We put the XRM through some demanding rock gardens, root infested turns, and smooth single track throughout the test to cover all bases. There was no lack of variety in terms of trail conditions but we never threw the XRM past its marathon XC race intentions.

    VBN Secteur Shannahan mountain biking trails

    Climbing

    Swing a leg over the XCM 8.9 and you’ll realize that this bike doesn’t want to sit in its travel. “Compliant” might be the last word I’d use to describe the suspension, even on the uphills. We’d often look down and double check to see if the rear shock was locked out, only to be reminded of what the XRM was geared towards: transferring all of the power to the rear wheel.

    If you do hit a smooth section of double track or tarmac though, closing off the lockout switch engages the XRM’s full sprint potential – you might be confused why you’d ever need a hardtail. The low stack and short reach give you maximum leverage over the top of the bike and really let you feel like you could tear the handlebars from the stem as you drive down on the cranks.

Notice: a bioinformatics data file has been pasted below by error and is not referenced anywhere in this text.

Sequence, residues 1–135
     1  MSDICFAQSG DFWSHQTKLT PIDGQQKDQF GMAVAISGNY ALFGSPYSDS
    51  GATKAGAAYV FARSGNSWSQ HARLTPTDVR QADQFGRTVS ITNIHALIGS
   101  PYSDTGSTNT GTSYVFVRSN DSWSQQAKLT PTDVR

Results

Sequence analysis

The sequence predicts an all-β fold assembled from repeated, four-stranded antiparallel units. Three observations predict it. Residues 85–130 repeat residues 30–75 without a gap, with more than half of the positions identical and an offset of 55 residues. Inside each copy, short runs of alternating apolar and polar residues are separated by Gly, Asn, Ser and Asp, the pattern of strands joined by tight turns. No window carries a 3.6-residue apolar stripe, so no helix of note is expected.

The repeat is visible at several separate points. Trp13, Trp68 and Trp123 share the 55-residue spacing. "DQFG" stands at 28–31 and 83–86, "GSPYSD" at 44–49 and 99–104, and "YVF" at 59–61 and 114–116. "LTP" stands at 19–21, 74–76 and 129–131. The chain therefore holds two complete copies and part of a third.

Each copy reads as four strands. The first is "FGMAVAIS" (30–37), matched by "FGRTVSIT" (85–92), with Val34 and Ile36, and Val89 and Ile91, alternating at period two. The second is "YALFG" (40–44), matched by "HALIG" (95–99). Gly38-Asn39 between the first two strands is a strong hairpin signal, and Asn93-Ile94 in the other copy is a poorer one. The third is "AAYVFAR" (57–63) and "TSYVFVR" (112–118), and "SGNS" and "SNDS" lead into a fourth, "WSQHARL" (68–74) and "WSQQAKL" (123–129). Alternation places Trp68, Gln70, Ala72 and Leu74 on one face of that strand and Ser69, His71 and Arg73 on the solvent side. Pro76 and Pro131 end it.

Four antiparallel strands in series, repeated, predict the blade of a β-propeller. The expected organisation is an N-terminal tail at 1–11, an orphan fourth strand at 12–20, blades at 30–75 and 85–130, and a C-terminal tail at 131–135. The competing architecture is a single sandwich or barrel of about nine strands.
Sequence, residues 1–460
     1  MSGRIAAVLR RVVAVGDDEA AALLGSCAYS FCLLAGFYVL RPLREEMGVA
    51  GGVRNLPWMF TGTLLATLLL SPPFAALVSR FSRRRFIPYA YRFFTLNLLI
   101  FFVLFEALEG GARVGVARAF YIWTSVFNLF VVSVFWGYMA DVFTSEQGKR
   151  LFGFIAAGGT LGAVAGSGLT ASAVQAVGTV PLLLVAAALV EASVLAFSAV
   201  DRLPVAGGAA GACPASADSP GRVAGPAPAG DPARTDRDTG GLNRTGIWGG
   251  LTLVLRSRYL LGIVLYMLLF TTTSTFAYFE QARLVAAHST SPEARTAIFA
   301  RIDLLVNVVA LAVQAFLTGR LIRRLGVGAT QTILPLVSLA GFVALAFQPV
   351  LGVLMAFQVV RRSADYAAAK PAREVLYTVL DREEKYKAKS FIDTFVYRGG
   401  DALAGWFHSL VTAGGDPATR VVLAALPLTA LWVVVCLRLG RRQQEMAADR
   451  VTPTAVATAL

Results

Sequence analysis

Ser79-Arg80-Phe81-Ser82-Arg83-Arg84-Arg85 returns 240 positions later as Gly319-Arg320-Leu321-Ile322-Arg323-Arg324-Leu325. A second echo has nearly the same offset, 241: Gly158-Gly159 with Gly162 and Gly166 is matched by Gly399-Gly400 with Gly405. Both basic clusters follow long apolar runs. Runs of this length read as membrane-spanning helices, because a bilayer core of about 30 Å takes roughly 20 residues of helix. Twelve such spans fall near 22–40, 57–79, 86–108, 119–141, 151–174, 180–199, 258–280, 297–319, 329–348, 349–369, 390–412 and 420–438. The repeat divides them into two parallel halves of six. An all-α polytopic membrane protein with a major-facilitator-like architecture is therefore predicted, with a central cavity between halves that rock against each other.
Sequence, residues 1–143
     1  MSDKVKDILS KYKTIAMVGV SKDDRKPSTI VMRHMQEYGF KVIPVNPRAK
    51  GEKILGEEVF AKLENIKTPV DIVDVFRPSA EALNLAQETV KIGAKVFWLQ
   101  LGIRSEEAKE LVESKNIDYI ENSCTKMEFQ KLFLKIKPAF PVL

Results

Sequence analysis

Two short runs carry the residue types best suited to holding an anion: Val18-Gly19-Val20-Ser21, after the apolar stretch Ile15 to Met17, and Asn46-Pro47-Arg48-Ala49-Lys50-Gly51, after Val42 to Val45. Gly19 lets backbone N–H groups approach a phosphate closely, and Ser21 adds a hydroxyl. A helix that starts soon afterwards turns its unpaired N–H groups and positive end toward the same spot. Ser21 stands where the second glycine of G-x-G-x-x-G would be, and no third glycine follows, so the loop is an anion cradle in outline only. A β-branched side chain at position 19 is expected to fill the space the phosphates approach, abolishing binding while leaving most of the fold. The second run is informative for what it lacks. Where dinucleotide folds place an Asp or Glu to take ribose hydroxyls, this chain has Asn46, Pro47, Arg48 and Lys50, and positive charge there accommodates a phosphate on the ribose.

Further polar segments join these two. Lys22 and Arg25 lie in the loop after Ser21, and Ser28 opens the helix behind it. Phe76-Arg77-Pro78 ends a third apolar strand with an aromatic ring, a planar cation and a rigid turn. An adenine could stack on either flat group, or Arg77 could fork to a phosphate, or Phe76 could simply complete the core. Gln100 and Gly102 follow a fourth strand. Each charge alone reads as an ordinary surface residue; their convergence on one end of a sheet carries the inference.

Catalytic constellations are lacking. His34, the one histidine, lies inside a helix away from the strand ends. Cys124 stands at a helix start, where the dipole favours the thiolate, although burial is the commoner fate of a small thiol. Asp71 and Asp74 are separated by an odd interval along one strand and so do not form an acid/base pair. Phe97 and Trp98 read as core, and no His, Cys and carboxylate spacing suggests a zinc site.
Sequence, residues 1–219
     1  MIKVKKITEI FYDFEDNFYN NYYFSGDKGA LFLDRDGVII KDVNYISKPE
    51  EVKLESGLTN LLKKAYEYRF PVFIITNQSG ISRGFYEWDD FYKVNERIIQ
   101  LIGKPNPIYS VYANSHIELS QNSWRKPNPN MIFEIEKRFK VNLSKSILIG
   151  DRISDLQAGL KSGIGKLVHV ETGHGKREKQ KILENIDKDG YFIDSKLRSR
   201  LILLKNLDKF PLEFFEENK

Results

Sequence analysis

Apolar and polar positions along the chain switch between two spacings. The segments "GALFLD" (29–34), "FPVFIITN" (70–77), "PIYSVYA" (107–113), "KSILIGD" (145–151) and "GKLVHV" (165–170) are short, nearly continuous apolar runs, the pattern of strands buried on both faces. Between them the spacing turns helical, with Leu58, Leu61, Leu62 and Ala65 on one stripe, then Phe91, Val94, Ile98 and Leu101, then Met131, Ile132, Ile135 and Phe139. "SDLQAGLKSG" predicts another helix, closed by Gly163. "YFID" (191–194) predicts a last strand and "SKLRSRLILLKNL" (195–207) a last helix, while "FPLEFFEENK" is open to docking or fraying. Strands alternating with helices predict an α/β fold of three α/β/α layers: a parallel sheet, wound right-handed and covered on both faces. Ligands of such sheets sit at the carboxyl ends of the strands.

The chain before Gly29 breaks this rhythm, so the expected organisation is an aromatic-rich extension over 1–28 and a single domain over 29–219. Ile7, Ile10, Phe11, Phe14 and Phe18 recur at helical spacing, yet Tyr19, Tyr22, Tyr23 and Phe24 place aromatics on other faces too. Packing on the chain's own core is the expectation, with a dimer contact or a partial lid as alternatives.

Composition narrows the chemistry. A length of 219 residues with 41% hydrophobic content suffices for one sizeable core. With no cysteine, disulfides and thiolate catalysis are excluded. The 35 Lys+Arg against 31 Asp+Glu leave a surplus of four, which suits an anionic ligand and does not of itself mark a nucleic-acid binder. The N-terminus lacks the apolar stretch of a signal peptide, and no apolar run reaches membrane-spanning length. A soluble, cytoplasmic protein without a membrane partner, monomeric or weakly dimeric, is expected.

Swinging through tight switchbacks was like steering a Smart Car through a slalom course; it turned on a dime and the front wheel never wanted to lift. I’d point a finger towards the smaller geometry numbers, like the reach, stack and wheelbase, for that reasoning. Much like the BMC Fourstroke LT, you have to be on your game – the body position is set high above the bike and any lean to or frow can change your line of attack very quickly, for better or worse. When the trail turns technical though, navigating steep corners and precarious rocks takes a bit of attention because the riding position is so compact and heavily weighted towards the front.

    Descending

    All I can envision when riding the XRM downhill is a big-headed caricature of myself leaning way over the front of this bike, leading with my pearly whites aimed straight at the ground. I’ve never felt this exposed on any bike. Once you come around to the fact that you’re basically riding a hardtail and you shouldn’t expect this bike to save you from any “Oh shit!” moments, you can find a bit of a rhythm.